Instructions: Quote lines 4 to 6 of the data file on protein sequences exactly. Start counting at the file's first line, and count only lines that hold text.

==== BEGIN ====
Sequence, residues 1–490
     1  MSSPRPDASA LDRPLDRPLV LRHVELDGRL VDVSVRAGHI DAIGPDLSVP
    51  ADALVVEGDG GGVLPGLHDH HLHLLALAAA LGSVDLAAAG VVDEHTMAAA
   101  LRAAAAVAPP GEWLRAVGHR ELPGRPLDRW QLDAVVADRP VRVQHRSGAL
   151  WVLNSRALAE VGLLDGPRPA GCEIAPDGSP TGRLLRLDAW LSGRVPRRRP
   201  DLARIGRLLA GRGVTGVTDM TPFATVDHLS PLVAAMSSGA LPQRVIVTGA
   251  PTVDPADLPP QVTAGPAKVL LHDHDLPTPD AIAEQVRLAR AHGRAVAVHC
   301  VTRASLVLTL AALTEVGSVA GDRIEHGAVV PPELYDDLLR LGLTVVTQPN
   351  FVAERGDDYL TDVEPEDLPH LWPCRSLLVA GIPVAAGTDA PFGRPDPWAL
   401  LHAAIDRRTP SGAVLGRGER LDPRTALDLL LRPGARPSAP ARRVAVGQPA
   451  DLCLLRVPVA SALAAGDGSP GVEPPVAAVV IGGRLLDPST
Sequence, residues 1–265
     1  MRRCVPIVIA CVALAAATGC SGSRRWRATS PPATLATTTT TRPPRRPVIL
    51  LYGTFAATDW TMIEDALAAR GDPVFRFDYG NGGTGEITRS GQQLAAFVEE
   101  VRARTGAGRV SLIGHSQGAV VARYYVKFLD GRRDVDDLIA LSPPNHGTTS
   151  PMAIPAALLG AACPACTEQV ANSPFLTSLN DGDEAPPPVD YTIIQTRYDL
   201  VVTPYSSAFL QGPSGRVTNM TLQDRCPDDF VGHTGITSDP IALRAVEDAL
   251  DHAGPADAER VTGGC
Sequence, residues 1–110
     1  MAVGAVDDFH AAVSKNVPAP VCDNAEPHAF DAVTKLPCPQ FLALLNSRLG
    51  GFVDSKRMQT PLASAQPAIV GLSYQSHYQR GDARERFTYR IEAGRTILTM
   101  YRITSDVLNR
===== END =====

   101  LRAAAAVAPP GEWLRAVGHR ELPGRPLDRW QLDAVVADRP VRVQHRSGAL
   151  WVLNSRALAE VGLLDGPRPA GCEIAPDGSP TGRLLRLDAW LSGRVPRRRP
   201  DLARIGRLLA GRGVTGVTDM TPFATVDHLS PLVAAMSSGA LPQRVIVTGA